“Why does Turkey want to be in the EU?” asked Kurdish intellectual Ümit Fırat of the Helsinki Citizens Association. “Because the EU reforms have provided the much needed push for Turkey to make democratic reforms,” he answered, taking the floor on Saturday at the conference, which aimed to discuss contemporary cultural and political issues in Turkey and was held from June 22-24 in the province of Bolu.
In the morning session, “Turkey's EU Journey,” Fırat and others reflected on the prospects of Turkey's EU membership, as the Turkish reform process has stalled and the EU has been experiencing membership fatigue, and as positivity regarding enlargement has given way to skepticism.
Moderating the session and making the introductory remarks, Joost Lagendijk of the Sabancı University's İstanbul Policy Center said there is hesitation on both side -- the EU and Turkey -- in that regard. He posed the question of whether or not there is a desire to cease negotiations on the Turkish or European side.
“On the EU side, you need unanimity to [cease negotiations] and that unanimity will never be there,” he said. “On the other hand, Turkey could come to the conclusion that it is time to stop, but there are no signs of that.” Lagendijk added that there is an agreement between the EU and Turkey on the long-running issue of visa liberalization.
Foreign Minister Ahmet Davutoğlu announced recently that Turkey has initialed a long-discussed readmission agreement between the EU and Turkey, envisaging the repatriation of illegal migrants to Europe via Turkey after temporary stays in the latter, in response to key steps outlined by the EU for a visa-free agreement with Turkey. EU countries made a first step toward a visa-free agreement with Turkey on June 20, authorizing the European Commission to start negotiations.
Asked whether there have been structural changes in Turkey, implying that Ankara is preparing to give up its commitment to membership in the EU, Abdullah Bozkurt, the Ankara bureau chief of Today's Zaman, said this is not the case. “Ankara is still determined in that regard. Trade relations are very strong with the EU, and most visitors to Turkey still come from EU countries. Ankara wants to be in the club; it is still determined to be in the decision-making process,” he said.
A rising Muslim democracy, Turkey began accession talks with Brussels in 2005, but progress has been painfully slow, hobbled by tensions between Ankara and EU-member state Greek Cyprus, as well as opposition from France and Germany.
Levent Köker, the president of the Abant Platform, said at the same session that part of the problem is the prevailing nationalism in Turkey on the part of both the ruling government and the opposition.
“Both the government and opposition parties are building on nationalistic ideas. This is quite problematic,” he said.
Critical of Turkey for its slowdown in the reform process, Abdülhamit Bilici, a columnist at the Zaman daily, said Turkey could follow through on many of the reforms despite French and German opposition. “Maybe economic chapters could not be opened without guarantees, but there could be progress made on others, such as the environment, the judiciary, etc.,” he said.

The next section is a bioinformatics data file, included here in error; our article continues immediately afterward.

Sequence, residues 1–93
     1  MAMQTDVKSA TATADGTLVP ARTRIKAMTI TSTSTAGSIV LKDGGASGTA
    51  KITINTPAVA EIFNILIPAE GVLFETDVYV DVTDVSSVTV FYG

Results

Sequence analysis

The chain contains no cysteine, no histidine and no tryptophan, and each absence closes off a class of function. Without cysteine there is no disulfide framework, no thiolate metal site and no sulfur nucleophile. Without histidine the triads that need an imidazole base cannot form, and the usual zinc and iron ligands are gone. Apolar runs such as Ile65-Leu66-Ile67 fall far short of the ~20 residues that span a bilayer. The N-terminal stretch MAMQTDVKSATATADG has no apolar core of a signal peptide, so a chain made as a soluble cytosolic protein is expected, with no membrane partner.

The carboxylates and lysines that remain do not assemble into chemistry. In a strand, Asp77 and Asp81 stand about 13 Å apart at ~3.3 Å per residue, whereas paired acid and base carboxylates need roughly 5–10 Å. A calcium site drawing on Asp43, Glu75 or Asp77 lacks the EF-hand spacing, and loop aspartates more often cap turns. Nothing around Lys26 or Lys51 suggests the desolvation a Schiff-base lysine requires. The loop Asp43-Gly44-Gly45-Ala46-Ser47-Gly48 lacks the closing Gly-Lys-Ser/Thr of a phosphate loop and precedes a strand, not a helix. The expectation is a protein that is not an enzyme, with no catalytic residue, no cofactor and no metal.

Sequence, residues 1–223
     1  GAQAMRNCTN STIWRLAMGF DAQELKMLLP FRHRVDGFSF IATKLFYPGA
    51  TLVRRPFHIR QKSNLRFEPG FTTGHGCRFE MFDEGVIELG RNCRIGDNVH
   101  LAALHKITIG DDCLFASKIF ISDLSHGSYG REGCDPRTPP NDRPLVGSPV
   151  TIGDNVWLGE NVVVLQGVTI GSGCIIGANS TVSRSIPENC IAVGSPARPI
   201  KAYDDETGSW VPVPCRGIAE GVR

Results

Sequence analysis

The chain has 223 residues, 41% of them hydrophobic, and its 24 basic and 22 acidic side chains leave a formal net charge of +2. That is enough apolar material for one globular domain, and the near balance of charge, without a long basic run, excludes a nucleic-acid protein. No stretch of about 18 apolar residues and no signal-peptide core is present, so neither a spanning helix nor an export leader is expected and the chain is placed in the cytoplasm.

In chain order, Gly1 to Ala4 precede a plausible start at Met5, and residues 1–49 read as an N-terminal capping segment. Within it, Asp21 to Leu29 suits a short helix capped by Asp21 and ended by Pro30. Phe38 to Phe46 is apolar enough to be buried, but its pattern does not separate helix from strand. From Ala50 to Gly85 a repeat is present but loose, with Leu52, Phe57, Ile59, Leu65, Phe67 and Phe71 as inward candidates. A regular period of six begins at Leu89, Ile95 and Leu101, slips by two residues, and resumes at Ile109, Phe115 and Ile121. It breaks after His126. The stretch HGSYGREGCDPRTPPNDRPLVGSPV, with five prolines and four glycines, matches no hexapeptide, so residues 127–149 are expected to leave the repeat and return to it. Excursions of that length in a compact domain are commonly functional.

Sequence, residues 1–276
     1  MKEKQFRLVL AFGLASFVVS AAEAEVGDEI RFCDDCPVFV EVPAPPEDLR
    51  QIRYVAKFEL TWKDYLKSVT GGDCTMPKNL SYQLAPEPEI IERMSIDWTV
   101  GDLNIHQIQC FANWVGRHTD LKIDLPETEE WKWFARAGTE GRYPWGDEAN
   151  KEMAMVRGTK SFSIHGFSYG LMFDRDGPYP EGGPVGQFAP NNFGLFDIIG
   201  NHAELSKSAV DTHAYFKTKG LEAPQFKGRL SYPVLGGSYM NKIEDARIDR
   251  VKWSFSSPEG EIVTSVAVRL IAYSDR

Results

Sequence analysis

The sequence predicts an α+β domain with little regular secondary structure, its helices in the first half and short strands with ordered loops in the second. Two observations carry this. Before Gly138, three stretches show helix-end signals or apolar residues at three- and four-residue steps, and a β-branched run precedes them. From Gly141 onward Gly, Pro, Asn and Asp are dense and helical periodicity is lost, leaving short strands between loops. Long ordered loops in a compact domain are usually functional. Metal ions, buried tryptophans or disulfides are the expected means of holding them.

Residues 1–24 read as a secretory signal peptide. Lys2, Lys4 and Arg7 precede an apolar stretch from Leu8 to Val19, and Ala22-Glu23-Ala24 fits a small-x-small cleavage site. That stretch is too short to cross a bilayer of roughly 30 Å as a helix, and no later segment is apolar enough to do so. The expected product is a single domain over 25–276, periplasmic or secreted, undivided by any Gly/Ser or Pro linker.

Participants also dealt with the changes of leadership in both France and Germany, speculating that there may be greater support in those countries now for Turkey's membership.
Most of the participants also remarked that Turkey, despite its economic development and rising self-confidence, still needs EU standards for its citizens as there is a great need for transparency and accountability.
Cafer Solgun, an Alevi-Kurdish writer who chairs the Confrontation Society, based in İstanbul, has raised concerns about the course that the government is taking in its third term, in which it has enjoyed more power than ever before. “When it first came to power almost 10 years ago, the government needed the EU's support. But now it's so powerful it seems like it is giving up on the reform process because it does not need the EU so much anymore,” he said.
In addition, Mihail Vasiliadis, the editor-in-chief of Apoyevmatini, a Greek weekly published in İstanbul, said the EU is not well understood in Turkey. “What the EU is all about has not been explained in Turkey. The decisions taken in Brussels are not only about Turkey; those decisions are important for all EU countries, not only Turkey,” he said.
In Saturday's afternoon session participants focused on Turkey's economic development, covering issues including sustainability of that development and how to balance the needs of a growing economy with environmental concerns.
Meetings of the Abant Platform, which are organized by the Journalists and Writers Foundation (GYV), bring together people from different cultures, ideological backgrounds and religions to find common solutions to common problems. The sessions are designed to allow for open discussions, rather than expert panels, among participants about issues at the top of Turkey's agenda.
On Friday, the first day of the meeting, participants discussed Turkey's democratization process and Turkish foreign policy, particularly in regard to the Middle East.